While faster-than-light travel is the stuff of science fiction, it might be the next big thing for medical imaging.
A new study, published in the July issue of The Journal of Nuclear Medicine (JNM) (http://jnm.snmjournals.org/cgi/content/abstract/51/7/1123) reports that a novel optical imaging technique, Cerenkov luminescence imaging (CLI), may lead to faster and more cost-effective development of radiopharmaceuticals for the diagnosis and treatment of cancer and other conditions.
Optical imaging is a molecular imaging procedure in which light-producing molecules designed to attach to specific cells or molecules are injected into the bloodstream and then are detected by an optical imaging device. Cerenkov radiation is produced when a particle moves faster than light, creating a “shock wave” that emits a visible blue light. Since Cerenkov imaging produces light from radioactivity, no external illumination is necessary.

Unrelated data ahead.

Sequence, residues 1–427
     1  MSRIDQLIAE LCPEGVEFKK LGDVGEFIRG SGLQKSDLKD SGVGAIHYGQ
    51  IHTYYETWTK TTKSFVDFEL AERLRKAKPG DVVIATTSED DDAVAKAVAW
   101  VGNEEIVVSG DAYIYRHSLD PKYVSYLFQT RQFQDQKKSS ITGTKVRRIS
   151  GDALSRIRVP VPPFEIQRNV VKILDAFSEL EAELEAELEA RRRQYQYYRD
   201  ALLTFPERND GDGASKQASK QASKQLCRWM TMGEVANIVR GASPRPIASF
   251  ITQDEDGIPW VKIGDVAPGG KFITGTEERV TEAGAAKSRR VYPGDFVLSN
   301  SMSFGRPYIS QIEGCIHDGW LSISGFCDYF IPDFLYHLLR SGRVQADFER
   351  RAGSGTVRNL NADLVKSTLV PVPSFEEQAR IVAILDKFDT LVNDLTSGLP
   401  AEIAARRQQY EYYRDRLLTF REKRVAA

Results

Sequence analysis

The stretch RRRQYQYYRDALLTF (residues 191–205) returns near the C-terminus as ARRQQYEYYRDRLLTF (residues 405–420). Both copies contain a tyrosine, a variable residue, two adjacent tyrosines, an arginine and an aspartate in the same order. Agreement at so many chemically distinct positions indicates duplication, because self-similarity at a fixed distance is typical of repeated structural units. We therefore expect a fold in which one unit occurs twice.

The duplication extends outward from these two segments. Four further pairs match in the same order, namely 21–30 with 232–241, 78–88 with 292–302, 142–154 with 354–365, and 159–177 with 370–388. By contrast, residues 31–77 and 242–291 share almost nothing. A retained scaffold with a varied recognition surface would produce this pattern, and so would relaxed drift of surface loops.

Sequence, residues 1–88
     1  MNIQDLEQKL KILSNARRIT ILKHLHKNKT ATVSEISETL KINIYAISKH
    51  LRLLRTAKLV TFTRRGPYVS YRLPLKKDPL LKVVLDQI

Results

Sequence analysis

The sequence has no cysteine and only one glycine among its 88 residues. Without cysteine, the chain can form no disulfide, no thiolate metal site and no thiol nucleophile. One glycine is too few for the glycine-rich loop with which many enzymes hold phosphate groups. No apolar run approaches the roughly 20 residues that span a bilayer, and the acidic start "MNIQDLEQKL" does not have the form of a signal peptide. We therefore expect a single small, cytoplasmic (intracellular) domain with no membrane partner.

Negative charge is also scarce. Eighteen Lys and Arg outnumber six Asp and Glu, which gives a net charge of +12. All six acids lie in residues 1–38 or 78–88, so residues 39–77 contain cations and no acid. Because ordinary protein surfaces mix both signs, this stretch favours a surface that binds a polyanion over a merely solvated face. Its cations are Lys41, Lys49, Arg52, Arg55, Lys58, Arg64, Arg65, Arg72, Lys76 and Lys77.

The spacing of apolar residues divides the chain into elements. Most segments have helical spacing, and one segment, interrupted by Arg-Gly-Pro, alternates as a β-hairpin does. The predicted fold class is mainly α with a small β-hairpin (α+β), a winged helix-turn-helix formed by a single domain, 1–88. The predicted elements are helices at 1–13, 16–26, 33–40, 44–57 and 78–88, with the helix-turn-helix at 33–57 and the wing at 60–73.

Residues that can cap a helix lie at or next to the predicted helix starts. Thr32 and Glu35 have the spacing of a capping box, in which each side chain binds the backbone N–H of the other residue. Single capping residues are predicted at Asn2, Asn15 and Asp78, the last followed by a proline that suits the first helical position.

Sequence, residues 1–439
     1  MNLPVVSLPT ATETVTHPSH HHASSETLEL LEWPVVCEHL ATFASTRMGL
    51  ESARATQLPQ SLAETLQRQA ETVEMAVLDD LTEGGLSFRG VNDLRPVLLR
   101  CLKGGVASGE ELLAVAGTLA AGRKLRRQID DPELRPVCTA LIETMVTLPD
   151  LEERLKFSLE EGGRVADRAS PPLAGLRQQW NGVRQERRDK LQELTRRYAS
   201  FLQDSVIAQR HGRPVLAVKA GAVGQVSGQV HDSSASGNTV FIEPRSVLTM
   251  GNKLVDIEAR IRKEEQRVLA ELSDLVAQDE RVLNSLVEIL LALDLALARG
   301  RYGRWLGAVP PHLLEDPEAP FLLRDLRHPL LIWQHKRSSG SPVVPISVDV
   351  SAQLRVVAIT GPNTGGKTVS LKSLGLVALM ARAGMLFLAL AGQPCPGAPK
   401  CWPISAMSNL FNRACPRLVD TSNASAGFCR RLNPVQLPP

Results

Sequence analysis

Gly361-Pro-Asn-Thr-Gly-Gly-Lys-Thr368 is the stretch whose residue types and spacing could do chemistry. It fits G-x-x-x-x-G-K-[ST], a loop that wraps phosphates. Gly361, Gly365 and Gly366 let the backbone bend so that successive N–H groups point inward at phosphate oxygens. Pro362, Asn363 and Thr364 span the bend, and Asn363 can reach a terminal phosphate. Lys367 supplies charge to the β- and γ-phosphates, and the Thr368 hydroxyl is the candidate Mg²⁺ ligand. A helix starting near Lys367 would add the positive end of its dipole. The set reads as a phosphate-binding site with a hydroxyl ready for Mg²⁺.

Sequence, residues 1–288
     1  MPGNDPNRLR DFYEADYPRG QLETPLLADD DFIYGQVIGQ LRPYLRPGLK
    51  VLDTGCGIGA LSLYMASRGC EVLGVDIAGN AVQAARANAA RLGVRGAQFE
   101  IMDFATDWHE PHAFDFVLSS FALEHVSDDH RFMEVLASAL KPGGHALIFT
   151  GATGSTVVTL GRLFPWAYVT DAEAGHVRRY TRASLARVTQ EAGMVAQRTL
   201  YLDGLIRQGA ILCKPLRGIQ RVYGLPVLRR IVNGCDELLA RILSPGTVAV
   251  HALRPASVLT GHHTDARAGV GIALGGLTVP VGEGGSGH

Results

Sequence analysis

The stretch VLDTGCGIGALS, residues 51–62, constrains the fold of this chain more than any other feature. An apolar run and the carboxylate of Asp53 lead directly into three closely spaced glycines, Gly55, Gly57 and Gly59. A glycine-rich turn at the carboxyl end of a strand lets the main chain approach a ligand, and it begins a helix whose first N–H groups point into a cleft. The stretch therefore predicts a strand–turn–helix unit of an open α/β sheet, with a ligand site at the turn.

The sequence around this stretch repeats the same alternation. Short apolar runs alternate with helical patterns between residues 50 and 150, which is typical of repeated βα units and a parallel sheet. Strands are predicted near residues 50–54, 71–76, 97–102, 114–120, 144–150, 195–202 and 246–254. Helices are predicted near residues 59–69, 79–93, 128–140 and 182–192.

During the study, researchers evaluated several radionuclides for potential use with CLI. CLI and PET were used to visualize tumor-bearing mice. The results showed that CLI visualizes radiotracer uptake in vivo. The resulting decrease of light over time correlates with the radioactive decay of the injected tracer. According to a press release from the JNM, an added value of this technique is its ability to image radionuclides that do not emit either positrons or gamma rays; a current limitation for nuclear imaging modalities, which means that a whole host of new isotopes could be introduced thanks to CLI. In addition, CLI shows promise for endoscopy and surgery, because of the ability to visualize tumor lesions, which could provide real-time information to surgeons and help guide operations.
(Source: Press Release and Abstract)